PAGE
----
The accession of Poland into the European Union on 1st of May 2004 and the introduction of a free movement of people and capital connected with it had a massive impact on legal services in Poland. We as lawyers did everything to be prepared for those changes in advance. [Read more.]

New rules on limitation under Polish law

Benedykt Fiutowski26 July 2018Komentarze (0)

If you run a business in Poland, or if you enter into contracts with Polish contractors, recent changes in Polish law regarding the limitation of claims which have entered into force on July 9, 2018, are sure to spark your interest.

The basic limitation period has been shortened from 10 to 6 years. The new (shorter) term applies to pecuniary claims, including claims arising from a final court judgment. Another important change, an institution which was not a part of the Polish legal system until now, is the deferral of the expiration date of claims until the last day of the year (i.e. 31 December of a given year). This means that claims will expire on the last calendar day of the year in which the limitation period elapses, although such regulation applies only to claims with a limitation period of at least 2 years or more.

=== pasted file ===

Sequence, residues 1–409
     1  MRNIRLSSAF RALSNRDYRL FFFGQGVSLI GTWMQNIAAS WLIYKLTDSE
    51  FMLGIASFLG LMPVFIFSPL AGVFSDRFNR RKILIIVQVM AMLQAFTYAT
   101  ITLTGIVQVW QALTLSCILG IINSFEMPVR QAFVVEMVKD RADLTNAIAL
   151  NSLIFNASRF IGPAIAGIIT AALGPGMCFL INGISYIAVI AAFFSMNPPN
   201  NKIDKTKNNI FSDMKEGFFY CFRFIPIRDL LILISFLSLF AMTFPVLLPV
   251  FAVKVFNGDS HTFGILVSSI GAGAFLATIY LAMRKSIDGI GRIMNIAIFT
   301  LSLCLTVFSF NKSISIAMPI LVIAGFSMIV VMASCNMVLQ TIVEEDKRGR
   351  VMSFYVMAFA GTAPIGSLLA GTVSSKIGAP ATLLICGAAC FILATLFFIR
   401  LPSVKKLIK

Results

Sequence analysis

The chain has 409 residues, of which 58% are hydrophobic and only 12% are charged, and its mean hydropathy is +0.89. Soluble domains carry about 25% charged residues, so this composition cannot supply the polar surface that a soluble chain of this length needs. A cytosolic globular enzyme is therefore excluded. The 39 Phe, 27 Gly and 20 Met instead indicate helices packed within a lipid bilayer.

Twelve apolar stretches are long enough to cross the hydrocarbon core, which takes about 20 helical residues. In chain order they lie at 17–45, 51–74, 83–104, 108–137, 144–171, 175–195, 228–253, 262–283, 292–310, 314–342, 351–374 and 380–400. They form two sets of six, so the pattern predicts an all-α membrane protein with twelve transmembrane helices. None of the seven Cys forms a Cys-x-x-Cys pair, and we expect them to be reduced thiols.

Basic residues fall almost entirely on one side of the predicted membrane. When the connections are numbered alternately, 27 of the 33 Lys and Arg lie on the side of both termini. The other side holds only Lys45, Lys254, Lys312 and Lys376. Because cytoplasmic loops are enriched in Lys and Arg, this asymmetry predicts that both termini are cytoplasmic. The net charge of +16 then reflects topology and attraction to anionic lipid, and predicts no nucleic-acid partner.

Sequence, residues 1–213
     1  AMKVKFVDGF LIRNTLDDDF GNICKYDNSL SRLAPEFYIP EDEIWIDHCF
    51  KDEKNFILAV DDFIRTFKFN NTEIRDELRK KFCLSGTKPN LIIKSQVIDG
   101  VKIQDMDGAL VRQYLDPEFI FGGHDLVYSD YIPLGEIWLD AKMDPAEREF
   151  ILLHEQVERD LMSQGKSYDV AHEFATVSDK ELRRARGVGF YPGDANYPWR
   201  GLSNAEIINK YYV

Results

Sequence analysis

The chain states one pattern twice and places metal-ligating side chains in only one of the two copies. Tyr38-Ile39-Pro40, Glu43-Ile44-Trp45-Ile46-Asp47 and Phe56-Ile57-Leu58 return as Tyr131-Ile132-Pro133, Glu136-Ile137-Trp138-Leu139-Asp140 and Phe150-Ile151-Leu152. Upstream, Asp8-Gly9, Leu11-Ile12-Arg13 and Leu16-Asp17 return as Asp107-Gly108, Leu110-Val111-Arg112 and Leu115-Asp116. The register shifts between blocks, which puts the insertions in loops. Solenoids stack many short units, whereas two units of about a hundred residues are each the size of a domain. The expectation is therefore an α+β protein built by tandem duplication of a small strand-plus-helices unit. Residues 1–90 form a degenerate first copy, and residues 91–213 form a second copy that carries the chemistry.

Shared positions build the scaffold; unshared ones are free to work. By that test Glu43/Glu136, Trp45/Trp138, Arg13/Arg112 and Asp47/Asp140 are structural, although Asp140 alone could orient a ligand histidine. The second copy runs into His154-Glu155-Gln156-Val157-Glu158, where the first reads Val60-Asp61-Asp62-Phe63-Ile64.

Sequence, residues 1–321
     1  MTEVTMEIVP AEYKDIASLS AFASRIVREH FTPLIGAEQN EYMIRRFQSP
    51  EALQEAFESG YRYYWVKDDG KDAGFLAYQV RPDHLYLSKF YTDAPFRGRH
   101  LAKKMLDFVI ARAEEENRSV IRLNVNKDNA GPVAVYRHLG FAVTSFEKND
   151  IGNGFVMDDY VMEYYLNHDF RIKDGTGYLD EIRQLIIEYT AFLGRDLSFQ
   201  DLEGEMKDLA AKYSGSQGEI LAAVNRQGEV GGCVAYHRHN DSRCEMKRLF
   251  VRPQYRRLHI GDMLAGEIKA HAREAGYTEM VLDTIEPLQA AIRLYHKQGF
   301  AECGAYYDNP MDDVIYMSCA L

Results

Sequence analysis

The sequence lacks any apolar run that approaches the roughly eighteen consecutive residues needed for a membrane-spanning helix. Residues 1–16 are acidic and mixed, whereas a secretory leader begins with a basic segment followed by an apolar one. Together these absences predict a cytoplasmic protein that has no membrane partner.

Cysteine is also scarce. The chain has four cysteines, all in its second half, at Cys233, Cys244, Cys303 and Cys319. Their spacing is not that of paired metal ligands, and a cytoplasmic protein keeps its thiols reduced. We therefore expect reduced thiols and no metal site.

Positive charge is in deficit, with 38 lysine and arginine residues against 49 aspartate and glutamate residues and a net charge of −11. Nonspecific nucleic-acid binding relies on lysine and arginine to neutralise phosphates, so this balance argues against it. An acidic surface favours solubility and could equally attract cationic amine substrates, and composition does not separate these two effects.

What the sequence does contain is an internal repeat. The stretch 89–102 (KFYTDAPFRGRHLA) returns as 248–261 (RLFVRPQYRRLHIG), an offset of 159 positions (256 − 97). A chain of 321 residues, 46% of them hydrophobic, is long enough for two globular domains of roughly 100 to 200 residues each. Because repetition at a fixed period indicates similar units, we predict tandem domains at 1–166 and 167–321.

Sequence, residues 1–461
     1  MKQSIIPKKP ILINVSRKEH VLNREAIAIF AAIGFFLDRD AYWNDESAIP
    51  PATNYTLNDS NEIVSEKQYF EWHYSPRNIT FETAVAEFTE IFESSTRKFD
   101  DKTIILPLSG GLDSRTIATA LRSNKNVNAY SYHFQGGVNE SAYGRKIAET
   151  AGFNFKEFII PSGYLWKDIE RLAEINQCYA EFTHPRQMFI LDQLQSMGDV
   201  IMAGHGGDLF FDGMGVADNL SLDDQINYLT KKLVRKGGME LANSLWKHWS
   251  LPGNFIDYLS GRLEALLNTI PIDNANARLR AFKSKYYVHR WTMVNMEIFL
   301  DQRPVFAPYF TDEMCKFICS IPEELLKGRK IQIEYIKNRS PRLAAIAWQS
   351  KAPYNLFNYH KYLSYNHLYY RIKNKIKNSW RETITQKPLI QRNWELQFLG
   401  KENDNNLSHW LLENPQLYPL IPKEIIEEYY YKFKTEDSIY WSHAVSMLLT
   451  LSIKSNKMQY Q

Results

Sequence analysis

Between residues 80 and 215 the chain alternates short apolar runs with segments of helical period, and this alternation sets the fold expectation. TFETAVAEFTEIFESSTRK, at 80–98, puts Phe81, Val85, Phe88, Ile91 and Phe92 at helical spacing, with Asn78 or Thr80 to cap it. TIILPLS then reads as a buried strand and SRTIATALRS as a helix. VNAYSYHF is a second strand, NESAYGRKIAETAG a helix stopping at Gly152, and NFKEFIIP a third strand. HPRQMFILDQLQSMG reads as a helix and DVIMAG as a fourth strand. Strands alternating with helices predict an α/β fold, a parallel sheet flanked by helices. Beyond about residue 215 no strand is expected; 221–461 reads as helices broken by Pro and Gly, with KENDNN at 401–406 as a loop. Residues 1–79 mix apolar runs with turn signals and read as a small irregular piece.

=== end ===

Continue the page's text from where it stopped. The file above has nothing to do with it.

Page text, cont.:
From an entrepreneur’s point of view, another important change concerns the limitation period in regard to interest. Claims for interest will expire on the last day of the calendar year, i.e. 31 December, regardless of whether the three-year limitation period expires in January or in any other month. In practice, this results in an extension of the limitation period for interest claims.

If the defendant is a consumer, the court will examine ex officio whether the claims are time-barred and, if so, they will be dismissed. However, if the defendant is not a consumer but, for example, an entrepreneur, the defendant will still have to plead the statute of limitation defense in the course of the proceedings in order for it to be taken into account by the court.

The amendment also introduced the obligation to indicate the due date of pursued claims in the complaint. Lack of such information in the complaint will result in the court ordering the claimant to provide it, which will prolong the proceedings. As such, it is worthwhile to keep this new requirement in mind when drafting a complaint.

Amended regulations will also apply to claims that existed before the changes came into force and have not yet expired at that time.

Despite the main purpose of the amendment – which was to shorten the limitation period from 10 to 6 years, it should be noted that in a vast amount of cases these new regulations may be more advantageous to the creditors, since postponing the expiration of claims to the last day of the calendar year will often give the creditors more time to pursue their claims.

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